Hydrogen evolution from field pea biological nitrogen fixation and the effect on nitrous oxide production in soil
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Rhizobia in symbiosis with legumes are capable of fixing atmospheric dinitrogen (N2) into plant available N through biological N fixation (BNF), during which H2 is produced as an obligate byproduct. Some rhizobia-legume symbioses possess an uptake hydrogenase (HUP) enzyme that is capable of recycling H2 produced during BNF; this type of symbiosis is referred to as HUP+. However, many symbionts do not possess the HUP enzyme (HUP-) and are therefore unable to recycle H2. Consequently, the H2 diffuses into the soil surrounding the nodules where it can be consumed by H2-oxidizing bacteria. There is evidence to suggest that microbial consumption of H2 in the soil causes increased CO2 fixation and O2 consumption in the rhizosphere soil, which could lead to the development of anoxic or hypoxic zones in the soil. These conditions favour denitrification, a process that produces N2O. The H2 from HUP- nodules also has been associated with enhanced plant growth, which may be a non-N benefit associated with planting legumes in rotation with other crops. Two studies were conducted to look at the effect of H2 from BNF in field pea (Pisum sativum L.) on N2O production and plant growth enhancement. The first was a growth chamber study where pea plants were grown in the absence of soil. The objectives of the first study were to (i) determine if actively fixing HUP- pea nodules produced more H2 than HUP+ nodules and (ii) if a H2-enriched atmosphere around pea nodules stimulated N2O production. Indeed, actively fixing pea nodules inoculated with HUP- rhizobia produced significantly more H2 than nodules inoculated with HUP+ rhizobia; however, pea nodules inoculated with HUP- rhizobia and exposed to an enriched H2 atmosphere were not associated with elevated N2O. The second study was completed as a greenhouse experiment where pea plants were grown in soil and N2O concentrations were monitored over the course of a growing season. The objectives of the greenhouse study were to (i) determine if field pea inoculated with HUP- rhizobia produced more N2O than field pea inoculated with HUP+ rhizobia, and (ii) determine if enhanced plant growth was associated with pea inoculated with HUP- rhizobia. Rhizosphere N2O concentrations and surface N2O flux were measured over the course of a growing season. Pea inoculated with HUP- rhizobia were not associated with increased N2O production. As well, there was no enhanced plant growth observed in pea plants inoculated with HUP- rhizobia compared to HUP+ rhizobia. This study demonstrated that in the Saskatchewan soil used in this study, field pea inoculated with HUP- rhizobia did not appear to stimulate N2O production or enhance plant growth, which further supports the notion that N2O production associated with legume production is not directly related to BNF.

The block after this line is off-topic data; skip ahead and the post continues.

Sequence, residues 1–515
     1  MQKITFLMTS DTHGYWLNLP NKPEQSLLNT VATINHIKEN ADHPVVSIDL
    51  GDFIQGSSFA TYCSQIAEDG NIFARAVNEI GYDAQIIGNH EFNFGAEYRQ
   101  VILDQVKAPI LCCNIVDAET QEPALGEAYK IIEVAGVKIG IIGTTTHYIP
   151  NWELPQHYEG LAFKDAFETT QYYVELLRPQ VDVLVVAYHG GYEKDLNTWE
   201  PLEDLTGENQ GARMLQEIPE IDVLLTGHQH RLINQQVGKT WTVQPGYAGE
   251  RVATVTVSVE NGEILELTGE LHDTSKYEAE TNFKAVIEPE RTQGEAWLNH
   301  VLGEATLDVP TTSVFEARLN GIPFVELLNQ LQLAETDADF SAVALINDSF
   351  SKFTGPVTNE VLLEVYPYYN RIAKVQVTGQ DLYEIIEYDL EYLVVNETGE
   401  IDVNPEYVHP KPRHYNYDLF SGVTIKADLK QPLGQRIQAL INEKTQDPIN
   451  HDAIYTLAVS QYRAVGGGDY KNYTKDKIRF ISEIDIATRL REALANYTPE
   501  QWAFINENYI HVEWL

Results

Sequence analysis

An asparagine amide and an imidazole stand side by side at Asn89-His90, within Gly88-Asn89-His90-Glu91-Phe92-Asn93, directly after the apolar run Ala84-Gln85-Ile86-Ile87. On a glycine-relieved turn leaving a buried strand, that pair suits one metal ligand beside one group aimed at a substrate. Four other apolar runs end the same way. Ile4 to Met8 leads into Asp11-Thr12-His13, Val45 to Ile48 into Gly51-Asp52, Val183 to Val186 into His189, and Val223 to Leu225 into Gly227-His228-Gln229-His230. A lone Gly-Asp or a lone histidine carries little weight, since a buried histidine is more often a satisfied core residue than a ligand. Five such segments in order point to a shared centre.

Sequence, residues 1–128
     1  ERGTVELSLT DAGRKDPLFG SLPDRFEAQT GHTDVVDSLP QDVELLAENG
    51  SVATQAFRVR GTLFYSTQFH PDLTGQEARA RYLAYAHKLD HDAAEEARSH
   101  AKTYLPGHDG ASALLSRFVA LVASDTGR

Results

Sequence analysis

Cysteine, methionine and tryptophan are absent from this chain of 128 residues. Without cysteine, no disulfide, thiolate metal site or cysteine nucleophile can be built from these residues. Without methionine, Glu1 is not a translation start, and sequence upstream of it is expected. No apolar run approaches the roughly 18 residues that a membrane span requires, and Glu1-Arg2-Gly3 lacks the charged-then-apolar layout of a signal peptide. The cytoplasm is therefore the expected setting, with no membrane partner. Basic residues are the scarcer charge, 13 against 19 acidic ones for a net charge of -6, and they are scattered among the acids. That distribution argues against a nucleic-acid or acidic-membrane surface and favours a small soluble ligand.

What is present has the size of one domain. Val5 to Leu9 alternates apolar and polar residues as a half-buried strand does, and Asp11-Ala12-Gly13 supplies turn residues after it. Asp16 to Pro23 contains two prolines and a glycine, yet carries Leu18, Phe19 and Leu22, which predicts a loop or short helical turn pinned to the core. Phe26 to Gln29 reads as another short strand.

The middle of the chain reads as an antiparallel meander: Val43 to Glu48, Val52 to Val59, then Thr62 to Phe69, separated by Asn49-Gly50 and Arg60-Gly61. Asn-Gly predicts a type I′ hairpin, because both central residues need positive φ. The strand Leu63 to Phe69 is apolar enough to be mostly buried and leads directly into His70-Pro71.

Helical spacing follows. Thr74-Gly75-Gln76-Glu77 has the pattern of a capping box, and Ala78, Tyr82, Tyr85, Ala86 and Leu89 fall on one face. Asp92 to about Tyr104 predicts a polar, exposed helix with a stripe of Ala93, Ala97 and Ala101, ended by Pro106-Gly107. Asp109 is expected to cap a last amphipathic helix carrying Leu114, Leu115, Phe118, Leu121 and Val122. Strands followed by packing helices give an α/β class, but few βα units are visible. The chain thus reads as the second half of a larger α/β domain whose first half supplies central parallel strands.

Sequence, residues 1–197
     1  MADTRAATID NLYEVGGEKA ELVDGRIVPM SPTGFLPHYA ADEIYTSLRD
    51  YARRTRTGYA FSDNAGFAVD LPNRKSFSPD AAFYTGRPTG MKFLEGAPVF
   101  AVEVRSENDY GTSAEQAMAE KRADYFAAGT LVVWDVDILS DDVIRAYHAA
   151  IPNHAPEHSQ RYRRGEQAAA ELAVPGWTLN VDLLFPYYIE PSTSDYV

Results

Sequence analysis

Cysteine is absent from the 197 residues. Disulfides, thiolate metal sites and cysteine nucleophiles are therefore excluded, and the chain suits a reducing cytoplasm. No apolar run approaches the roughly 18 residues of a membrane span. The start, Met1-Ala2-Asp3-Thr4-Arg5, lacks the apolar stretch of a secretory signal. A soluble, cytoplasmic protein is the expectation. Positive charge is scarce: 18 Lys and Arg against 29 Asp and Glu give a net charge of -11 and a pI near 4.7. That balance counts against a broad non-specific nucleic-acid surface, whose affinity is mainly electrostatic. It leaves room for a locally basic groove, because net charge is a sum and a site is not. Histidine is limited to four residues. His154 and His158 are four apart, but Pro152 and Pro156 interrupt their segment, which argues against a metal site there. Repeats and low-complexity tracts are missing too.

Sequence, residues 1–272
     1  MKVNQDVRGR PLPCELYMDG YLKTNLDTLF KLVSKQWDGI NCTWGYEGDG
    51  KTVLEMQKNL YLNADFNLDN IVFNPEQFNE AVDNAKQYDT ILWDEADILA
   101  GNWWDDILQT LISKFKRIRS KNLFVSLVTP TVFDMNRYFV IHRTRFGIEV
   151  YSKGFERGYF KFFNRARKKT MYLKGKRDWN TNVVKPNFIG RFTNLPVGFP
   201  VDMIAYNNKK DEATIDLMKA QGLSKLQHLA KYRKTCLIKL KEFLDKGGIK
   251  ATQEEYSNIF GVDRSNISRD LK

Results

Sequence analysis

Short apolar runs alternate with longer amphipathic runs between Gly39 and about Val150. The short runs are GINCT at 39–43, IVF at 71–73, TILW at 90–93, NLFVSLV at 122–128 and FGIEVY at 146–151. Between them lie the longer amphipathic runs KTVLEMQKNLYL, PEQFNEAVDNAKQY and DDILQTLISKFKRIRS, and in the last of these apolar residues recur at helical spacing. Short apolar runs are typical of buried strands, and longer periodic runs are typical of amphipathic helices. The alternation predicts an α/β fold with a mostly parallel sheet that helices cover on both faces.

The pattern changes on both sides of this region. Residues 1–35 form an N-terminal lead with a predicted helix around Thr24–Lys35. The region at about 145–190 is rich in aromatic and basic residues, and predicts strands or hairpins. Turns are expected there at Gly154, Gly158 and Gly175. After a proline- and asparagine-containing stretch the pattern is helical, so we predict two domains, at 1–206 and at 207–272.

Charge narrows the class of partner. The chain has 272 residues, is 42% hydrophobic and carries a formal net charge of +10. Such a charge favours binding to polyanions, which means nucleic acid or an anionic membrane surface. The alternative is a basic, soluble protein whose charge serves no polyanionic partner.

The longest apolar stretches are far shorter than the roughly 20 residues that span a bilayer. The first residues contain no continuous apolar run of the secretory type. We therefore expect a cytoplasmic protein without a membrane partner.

DegreeMaster of Science (M.Sc.)
SupervisorFarrell, Richard E.; Knight, Joan D.
CommitteeLemke, Reynald; Walley, Fran
Copyright DateOctober 2012
hydrogen, nitrous oxide, HUP, biological nitrogen fixation, legumes